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NGINX Unit 1.13.0 and 1.14.0 Introduce Reverse Proxying and Address-Based Routing



It’s been quite a while since our last post, and we’ve got major news to share about our latest NGINX Unit releases, namely 1.13.0 and 1.14.0. They introduce new features that add to our toolset and extend the range of scenarios where you can take advantage of NGINX Unit – reverse proxying in NGINX Unit 1.13.0 and address‑based routing in NGINX Unit 1.14.0. Let’s look at the two new features in detail.

HTTP Reverse Proxying

In a sense, the very name NGINX has come to mean reverse proxying. While this may not be necessarily warranted (NGINX Plus is much more than a one‑trick pony), what matters now is that the feature has come to NGINX Unit as well, becoming a family trait of sorts.

NGINX Unit enables reverse proxying within its general routing framework: the new proxy option, which configures proxying of requests to a specified address, joins the pass and share options already familiar to you from our posts about internal routing and static file serving. As of this writing, the proxy address configuration supports IPv4, IPv6, and Unix socket addresses.

Here’s a sample routes object with the proxy option enabled:

If an incoming request satisfies the match condition, NGINX Unit establishes a proxy connection to the address specified by the proxy option and relays the request to it, returning the response (or an error status) to the client. Otherwise, the request is matched against subsequent match conditions in the route.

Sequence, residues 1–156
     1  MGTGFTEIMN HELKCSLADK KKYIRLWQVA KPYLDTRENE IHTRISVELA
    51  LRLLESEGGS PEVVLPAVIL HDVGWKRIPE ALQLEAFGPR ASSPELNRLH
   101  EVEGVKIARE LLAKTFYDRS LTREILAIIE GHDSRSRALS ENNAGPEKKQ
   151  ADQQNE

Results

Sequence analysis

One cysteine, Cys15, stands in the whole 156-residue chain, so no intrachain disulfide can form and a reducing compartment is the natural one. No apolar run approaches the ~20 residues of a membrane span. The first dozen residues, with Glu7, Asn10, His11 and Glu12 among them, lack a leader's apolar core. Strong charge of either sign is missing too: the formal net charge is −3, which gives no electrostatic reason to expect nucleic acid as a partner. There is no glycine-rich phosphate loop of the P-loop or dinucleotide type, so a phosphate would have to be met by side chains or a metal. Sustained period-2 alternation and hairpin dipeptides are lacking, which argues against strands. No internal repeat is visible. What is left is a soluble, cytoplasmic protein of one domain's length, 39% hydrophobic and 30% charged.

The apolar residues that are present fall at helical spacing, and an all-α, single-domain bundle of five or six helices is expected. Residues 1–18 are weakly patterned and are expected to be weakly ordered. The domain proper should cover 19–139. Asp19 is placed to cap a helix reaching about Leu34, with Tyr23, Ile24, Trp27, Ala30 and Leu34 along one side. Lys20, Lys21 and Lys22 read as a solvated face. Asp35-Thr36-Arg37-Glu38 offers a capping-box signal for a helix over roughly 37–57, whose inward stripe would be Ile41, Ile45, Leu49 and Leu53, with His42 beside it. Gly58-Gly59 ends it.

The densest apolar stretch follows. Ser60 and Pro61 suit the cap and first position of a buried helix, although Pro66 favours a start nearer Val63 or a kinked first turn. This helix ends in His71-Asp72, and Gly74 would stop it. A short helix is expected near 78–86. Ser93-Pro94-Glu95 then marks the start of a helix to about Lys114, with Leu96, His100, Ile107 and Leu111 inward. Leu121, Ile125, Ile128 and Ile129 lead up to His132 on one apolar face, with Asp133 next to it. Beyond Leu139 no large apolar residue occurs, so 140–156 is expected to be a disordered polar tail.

At first glance, the configuration may seem rather bland. However, this is only the beginning of NGINX Unit’s evolution as a reverse proxy, and even in this basic form it enables you to offload requests that don’t require NGINX Unit’s dynamic capabilities to other servers, and to architect custom request‑processing scenarios by chaining NGINX Unit listeners and instances.

Earlier versions of NGINX Unit, despite their many capabilities, could serve only as endpoints for incoming client requests. Now NGINX Unit can serve as an intermediate node within your web framework as well, accepting all kinds of traffic, maintaining a dynamic configuration, serving high‑demand requests on its own, and acting as a reverse proxy for your existing backend solutions.

Keep in mind, however, that the availability of proxied addresses isn’t automatically validated; if you misconfigure an address or accidentally create a redirect loop, NGINX Unit reports an error only when a request is unsuccessful.

For further details, see our documentation.

Address-Based Routing

Address‑based routing, added in NGINX Unit 1.14.0, extends the routing mechanism, enabling address matching against two newly introduced match options: source and destination. The former matches the connected client’s IP address, whereas the latter matches the target address of the request.

With this release, NGINX Unit’s routing engine can now match address values against individual IPv4‑ or IPv6‑based patterns and arrays of patterns. In turn, valid patterns may be wildcards with port numbers, exact addresses, or address ranges in CIDR notation:

This type of matching can be freely combined with other matching types. As with the match conditions introduced in previous releases, you can negate address‑based patterns by prefixing them with the exclamation mark (!). In the following example, the destination option matches all target addresses except 127.0.0.1: